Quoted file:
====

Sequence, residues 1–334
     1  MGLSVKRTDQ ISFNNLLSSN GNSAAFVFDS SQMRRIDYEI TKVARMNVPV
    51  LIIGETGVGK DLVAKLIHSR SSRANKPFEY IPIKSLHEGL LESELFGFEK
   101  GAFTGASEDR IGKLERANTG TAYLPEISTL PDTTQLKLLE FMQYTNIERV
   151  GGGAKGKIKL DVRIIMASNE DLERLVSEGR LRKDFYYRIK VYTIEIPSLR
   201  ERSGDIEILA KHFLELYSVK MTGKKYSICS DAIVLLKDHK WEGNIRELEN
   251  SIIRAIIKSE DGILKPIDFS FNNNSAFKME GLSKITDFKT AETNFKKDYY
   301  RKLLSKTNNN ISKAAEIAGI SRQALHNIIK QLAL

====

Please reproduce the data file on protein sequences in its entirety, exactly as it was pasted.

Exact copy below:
Sequence, residues 1–334
     1  MGLSVKRTDQ ISFNNLLSSN GNSAAFVFDS SQMRRIDYEI TKVARMNVPV
    51  LIIGETGVGK DLVAKLIHSR SSRANKPFEY IPIKSLHEGL LESELFGFEK
   101  GAFTGASEDR IGKLERANTG TAYLPEISTL PDTTQLKLLE FMQYTNIERV
   151  GGGAKGKIKL DVRIIMASNE DLERLVSEGR LRKDFYYRIK VYTIEIPSLR
   201  ERSGDIEILA KHFLELYSVK MTGKKYSICS DAIVLLKDHK WEGNIRELEN
   251  SIIRAIIKSE DGILKPIDFS FNNNSAFKME GLSKITDFKT AETNFKKDYY
   301  RKLLSKTNNN ISKAAEIAGI SRQALHNIIK QLAL